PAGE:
- I do not know how it is on the other borders, but to get out of here you have to pay the fee - he insists undisturbed, knowing that he will not stamp anything until he doesn't get his extra money

-Look, this is one country, and the rules do not vary from border to border. Have a look at the previous exit and see that I am not a tourist. I am a resident of your country, and I enter and leave all the time here- Taking advantage of my circumstantial resident's visa, I use it again and again to intimidate him and finally, I ask - So let's see, please explain to me why you say that I have to pay you 5000 CFA ?.

- Because that's the way it is here, you do not have your exit visa so you have to pay for it. In order to be able to stamp your exit, I must first get you the exit visa and ... - he continues on and on, inventing an endless list of artificial excuses and lies.

- Look, I already told you, I do not need anything you're saying, I know this country, I'm a resident, please, stamp my passport, it's late and I have to go -

I gradually start losing my patience due to the time pressure. I have been asked for money dozens of times on the African borders, but no ones has ever stood so stubbornly. I have even said goodbye to the corrupt ones with a reciprocal smile.has ever stood so stubbornly. I have even said goodbye to the corrupt ones with a reciprocal smile.
Soon it will be night time and I know that because of this imbecile now I will have to pedal in the darkness of the jungle, something that after having seen the snakes today and other dangers like the elephants, I preferred not to do.

- I will not stamp your passport until you pay the fee - he insists

- Look, explain it to me, once again. I know for a fact that I do not need anything you are telling me. So why do you insist that I have to pay you? -

- Because I say so ! - He stood angrily on his position.

- Because you say so??? But if you are not the one who makes the laws of this country - I say, in a tone of irony and now showing some contempt - So please, stamp my passport now!

- I will not stamp it, and I do not care, I rule here! I say it and you have to pay me the fee - he says in a haughty tone.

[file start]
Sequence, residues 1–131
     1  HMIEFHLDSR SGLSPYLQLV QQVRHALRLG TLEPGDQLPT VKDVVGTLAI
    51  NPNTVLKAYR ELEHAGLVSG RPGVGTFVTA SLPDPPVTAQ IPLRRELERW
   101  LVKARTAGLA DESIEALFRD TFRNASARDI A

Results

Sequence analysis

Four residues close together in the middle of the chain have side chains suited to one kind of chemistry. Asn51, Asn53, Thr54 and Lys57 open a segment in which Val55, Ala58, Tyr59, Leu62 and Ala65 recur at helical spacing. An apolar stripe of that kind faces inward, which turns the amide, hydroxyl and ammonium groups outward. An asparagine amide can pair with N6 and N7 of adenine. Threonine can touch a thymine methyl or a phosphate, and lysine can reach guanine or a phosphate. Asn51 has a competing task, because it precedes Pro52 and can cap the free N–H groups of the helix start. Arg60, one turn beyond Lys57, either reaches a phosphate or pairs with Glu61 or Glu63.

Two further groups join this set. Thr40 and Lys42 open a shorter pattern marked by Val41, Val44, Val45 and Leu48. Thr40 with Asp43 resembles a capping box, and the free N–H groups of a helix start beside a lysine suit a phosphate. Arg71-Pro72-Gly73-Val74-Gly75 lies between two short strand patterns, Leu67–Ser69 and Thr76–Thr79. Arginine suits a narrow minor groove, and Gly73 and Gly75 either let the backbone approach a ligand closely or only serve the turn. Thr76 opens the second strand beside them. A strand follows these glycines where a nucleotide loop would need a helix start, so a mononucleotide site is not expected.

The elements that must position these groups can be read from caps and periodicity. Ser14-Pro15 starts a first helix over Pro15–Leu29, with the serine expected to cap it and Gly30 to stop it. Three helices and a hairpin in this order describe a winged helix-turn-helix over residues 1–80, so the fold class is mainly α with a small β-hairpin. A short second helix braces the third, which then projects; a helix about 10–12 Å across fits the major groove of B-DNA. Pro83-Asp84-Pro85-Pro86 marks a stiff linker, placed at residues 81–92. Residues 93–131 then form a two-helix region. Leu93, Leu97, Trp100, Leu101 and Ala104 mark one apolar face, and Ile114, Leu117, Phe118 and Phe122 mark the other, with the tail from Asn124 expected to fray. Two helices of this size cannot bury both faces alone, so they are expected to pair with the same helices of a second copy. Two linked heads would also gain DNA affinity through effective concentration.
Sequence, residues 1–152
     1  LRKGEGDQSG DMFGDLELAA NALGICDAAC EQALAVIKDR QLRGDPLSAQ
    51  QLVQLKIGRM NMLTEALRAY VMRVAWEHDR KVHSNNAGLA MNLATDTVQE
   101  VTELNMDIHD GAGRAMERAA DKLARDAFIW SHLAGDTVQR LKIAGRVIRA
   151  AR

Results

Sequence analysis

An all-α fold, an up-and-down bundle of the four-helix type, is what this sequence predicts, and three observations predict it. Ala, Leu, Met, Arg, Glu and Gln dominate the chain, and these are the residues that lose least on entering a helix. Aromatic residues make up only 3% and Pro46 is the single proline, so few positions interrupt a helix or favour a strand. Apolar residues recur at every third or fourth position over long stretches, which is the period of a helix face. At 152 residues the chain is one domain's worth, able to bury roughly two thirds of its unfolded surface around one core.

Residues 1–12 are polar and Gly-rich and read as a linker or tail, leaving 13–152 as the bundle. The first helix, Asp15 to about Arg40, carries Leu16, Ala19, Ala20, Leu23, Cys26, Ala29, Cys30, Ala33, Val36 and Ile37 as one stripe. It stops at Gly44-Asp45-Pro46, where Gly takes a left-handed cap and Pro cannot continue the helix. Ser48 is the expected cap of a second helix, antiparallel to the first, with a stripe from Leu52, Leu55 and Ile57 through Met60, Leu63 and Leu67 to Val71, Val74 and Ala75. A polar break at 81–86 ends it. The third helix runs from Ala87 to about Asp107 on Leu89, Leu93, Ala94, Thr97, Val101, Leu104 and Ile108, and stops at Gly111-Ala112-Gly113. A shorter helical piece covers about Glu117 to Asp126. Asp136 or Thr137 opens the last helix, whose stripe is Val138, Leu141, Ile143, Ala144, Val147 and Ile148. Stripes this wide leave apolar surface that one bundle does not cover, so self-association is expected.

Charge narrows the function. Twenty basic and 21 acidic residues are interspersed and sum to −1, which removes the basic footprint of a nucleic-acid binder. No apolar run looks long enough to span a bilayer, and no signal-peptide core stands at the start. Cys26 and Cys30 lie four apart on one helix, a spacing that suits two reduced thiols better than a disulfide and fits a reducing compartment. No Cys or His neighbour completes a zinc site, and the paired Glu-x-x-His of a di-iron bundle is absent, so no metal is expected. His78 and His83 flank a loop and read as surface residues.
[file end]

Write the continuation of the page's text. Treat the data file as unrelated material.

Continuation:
- Look, I know a lot of important people in this region - I start to tell half truth and half bluff, as in poker, to see if it get him intimidated - Do you know Marcel? The chief of the forest brigade here? He's a friend of mine, so if you insist on this nonsense I'll give him a call-

- Call him please, there is no problem - He says quietly, raising the bet

I do not know what this will lead to and it makes me uncomfortable to have to bother Marcel, but I'm glad I bought a phone in Brazzaville and that I had a signal. I would never have thought that here, in such a remote village, there would be an antenna.
When I call him, I explain to Marcel the situation in which I am and ask him if he can speak to the lunatic before me. (Marcel received his university education in Cuba, courtesy of the Cuban government. This allows me to speak in Spanish with him so the asshole could not understand us). I pass the phone and they speak in Lingala. Eric the corrupt also tries to convince Marcel of the legitimacy of his ridiculous demands and after several minutes he passes the phone back to me. Marcel tells me:

"Nico, look, you're on a very remote border, and he claims himself the right to charge you. It is not legitimate but please pay it, leave this behind and go. I will contact someone there to give you your money back -

Alarmed by this that I did not expect and with my heart moved by his willingness to help me giving me the money back, I tell him - Marcel, this is not a money problem for me. The amount is what worries me the least. I do not want to contribute a penny to this asshole abusing his power. Thank you very much for have spoken with him, now I will try to solve it myself. - I thank him and hang up

 Pondering the situation, already with less "cards" in my hand to play and win this game, I stay silent for a few seconds contemplating my options, while I see the fucking jerk across the table playing the fool. He pretends to be relaxed, but his legs shaking under the table give away his uneasiness. His nerves are betraying him without him even noticing it. He flips through my passport back and forth without looking at me, as if he knows he will win this game.